Show simple item record

dc.contributor.authorHuang, Yiyi
dc.contributor.authorDong, Xiquan
dc.contributor.authorXi, Baike
dc.contributor.authorDolinar, Erica K.
dc.contributor.authorStanfield, Ryan E.
dc.date.accessioned2017-04-24T17:19:51Z
dc.date.available2017-04-24T17:19:51Z
dc.date.issued2017-02-27
dc.identifier.citationThe footprints of 16 year trends of Arctic springtime cloud and radiation properties on September sea ice retreat 2017, 122 (4):2179 Journal of Geophysical Research: Atmospheresen
dc.identifier.issn2169897X
dc.identifier.doi10.1002/2016JD026020
dc.identifier.urihttp://hdl.handle.net/10150/623224
dc.description.abstractThe most prominent September Arctic sea ice decline over the period of 2000-2015 occurs over the Siberian Sea, Laptev Sea, and Kara Sea. The satellite observed and retrieved sea ice concentration (SIC) and cloud/radiation properties over the Arctic (70 degrees-90 degrees N) have been used to investigate the impact of springtime cloud and radiation properties on September SIC variation. Positive trends of cloud fractions, cloud water paths, and surface downward longwave flux at the surface over the September sea ice retreat areas are found over the period of 1 March to 14 May, while negative trends are found over the period of 15 May to 28 June. The spatial distributions of correlations between springtime cloud/radiation properties and September SIC have been calculated, indicating that increasing cloud fractions and downward longwave flux during springtime tend to enhance sea ice melting due to strong cloud warming effect. Surface downward and upward shortwave fluxes play an important role from May to June when the onset of sea ice melting occurs. The comparison between linearly detrended and nondetrended of each parameter indicates that significant impact of cloud and radiation properties on September sea ice retreat occurs over the Chukchi/Beaufort Sea at interannual time scale, especially over the period of 31 March to 29 April, while strongest climatological trends are found over the Laptev/Siberian Sea.
dc.description.sponsorshipNOAA MAPP under grant at the University of North Dakota [NA13OAR4310105]; NASA CERES project under grant at the University of Arizona [NNX17AC52G]en
dc.language.isoenen
dc.publisherAMER GEOPHYSICAL UNIONen
dc.relation.urlhttp://doi.wiley.com/10.1002/2016JD026020en
dc.rights©2017. American Geophysical Union. All Rights Reserved.en
dc.titleThe footprints of 16 year trends of Arctic springtime cloud and radiation properties on September sea ice retreaten
dc.typeArticleen
dc.contributor.departmentUniv Arizona, Dept Hydrol & Atmospher Scien
dc.identifier.journalJournal of Geophysical Research: Atmospheresen
dc.description.note6 month embargo; First published: 21 February 2017en
dc.description.collectioninformationThis item from the UA Faculty Publications collection is made available by the University of Arizona with support from the University of Arizona Libraries. If you have questions, please contact us at repository@u.library.arizona.edu.en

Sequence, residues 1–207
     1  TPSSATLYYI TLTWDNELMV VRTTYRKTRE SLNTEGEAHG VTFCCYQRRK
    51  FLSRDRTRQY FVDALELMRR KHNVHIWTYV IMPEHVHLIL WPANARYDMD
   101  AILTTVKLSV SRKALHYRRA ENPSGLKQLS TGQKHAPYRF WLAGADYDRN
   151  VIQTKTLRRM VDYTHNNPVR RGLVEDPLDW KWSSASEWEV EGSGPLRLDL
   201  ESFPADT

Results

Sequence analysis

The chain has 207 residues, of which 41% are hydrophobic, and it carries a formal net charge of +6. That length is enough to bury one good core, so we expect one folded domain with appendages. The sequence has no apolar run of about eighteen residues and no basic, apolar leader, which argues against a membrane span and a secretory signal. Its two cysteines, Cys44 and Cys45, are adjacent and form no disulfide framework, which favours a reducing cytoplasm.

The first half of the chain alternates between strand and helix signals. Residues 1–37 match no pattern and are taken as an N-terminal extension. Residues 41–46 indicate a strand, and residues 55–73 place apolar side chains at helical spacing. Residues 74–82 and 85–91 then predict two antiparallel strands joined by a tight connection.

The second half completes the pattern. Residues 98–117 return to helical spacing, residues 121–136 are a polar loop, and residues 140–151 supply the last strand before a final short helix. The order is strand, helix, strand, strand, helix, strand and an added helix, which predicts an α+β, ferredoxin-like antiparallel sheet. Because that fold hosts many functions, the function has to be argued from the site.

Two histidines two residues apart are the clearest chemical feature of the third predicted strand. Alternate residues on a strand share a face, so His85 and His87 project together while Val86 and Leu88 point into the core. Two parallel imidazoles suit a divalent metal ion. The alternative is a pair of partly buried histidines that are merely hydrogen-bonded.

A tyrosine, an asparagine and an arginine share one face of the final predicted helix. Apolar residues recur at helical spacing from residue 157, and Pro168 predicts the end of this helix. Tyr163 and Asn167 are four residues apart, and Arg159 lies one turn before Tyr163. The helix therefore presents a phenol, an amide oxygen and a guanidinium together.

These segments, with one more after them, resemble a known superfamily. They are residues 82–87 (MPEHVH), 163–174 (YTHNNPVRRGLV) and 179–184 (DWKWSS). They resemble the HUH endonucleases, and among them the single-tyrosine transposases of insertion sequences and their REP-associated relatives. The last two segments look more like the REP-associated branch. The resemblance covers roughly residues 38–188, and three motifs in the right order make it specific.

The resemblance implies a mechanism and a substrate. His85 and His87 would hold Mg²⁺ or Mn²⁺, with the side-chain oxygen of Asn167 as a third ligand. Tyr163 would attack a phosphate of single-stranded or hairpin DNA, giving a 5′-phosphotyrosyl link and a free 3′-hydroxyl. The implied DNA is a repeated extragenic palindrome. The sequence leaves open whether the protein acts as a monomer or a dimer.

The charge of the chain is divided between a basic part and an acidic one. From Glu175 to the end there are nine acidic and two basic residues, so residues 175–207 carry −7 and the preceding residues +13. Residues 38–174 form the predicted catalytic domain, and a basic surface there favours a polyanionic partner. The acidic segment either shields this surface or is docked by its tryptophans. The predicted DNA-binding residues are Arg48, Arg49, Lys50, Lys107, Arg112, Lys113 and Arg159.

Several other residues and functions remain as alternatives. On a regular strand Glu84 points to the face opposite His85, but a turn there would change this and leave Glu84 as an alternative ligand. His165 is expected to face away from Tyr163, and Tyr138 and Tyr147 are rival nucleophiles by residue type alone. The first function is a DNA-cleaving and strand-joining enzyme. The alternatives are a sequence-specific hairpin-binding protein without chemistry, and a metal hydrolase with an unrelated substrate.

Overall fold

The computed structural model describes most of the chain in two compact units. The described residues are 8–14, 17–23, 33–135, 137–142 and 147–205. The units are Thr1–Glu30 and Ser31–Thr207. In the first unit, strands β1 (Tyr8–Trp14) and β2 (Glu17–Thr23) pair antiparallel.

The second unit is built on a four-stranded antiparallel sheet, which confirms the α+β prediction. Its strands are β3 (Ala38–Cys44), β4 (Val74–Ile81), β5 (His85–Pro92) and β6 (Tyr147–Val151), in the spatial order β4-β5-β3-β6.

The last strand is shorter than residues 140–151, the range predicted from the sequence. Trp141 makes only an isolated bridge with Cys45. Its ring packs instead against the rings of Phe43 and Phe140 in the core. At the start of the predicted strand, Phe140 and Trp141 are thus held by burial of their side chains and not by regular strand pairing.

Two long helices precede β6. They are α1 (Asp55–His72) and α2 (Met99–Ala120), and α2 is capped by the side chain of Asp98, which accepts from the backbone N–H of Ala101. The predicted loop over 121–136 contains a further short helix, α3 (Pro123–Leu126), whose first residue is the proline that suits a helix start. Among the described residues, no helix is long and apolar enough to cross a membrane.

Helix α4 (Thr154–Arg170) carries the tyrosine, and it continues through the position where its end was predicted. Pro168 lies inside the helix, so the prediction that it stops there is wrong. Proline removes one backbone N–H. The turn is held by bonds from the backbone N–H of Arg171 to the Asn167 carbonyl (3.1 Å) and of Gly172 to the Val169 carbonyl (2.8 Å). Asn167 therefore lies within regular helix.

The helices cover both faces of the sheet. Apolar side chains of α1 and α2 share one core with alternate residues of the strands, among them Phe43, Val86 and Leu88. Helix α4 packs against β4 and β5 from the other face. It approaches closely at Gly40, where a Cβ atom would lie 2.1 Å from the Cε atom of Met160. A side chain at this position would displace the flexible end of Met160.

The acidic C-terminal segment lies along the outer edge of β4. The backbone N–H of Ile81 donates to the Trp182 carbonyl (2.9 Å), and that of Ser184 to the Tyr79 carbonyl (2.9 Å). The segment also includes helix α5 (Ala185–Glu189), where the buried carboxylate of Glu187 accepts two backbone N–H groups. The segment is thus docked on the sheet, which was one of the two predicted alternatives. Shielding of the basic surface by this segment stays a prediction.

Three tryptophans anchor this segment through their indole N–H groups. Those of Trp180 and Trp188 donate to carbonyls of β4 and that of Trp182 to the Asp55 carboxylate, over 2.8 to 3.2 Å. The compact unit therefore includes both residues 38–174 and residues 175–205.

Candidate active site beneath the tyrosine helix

dc.eprint.versionFinal published versionen
dc.contributor.institutionDepartment of Hydrology & Atmospheric Sciences; University of Arizona; Tucson Arizona USA
dc.contributor.institutionDepartment of Hydrology & Atmospheric Sciences; University of Arizona; Tucson Arizona USA
dc.contributor.institutionDepartment of Atmospheric Sciences; University of North Dakota; Grand Forks North Dakota USA
dc.contributor.institutionDepartment of Atmospheric Sciences; University of North Dakota; Grand Forks North Dakota USA
dc.contributor.institutionDepartment of Atmospheric Sciences; University of North Dakota; Grand Forks North Dakota USA
refterms.dateFOA2017-08-11T00:00:00Z
html.description.abstractThe most prominent September Arctic sea ice decline over the period of 2000-2015 occurs over the Siberian Sea, Laptev Sea, and Kara Sea. The satellite observed and retrieved sea ice concentration (SIC) and cloud/radiation properties over the Arctic (70 degrees-90 degrees N) have been used to investigate the impact of springtime cloud and radiation properties on September SIC variation. Positive trends of cloud fractions, cloud water paths, and surface downward longwave flux at the surface over the September sea ice retreat areas are found over the period of 1 March to 14 May, while negative trends are found over the period of 15 May to 28 June. The spatial distributions of correlations between springtime cloud/radiation properties and September SIC have been calculated, indicating that increasing cloud fractions and downward longwave flux during springtime tend to enhance sea ice melting due to strong cloud warming effect. Surface downward and upward shortwave fluxes play an important role from May to June when the onset of sea ice melting occurs. The comparison between linearly detrended and nondetrended of each parameter indicates that significant impact of cloud and radiation properties on September sea ice retreat occurs over the Chukchi/Beaufort Sea at interannual time scale, especially over the period of 31 March to 29 April, while strongest climatological trends are found over the Laptev/Siberian Sea.


Files in this item

Thumbnail
Name:
Huang_et_al-2017-Journal_of_Ge ...
Size:
3.002Mb
Format:
PDF
Description:
FInal Published Version

This item appears in the following Collection(s)

Show simple item record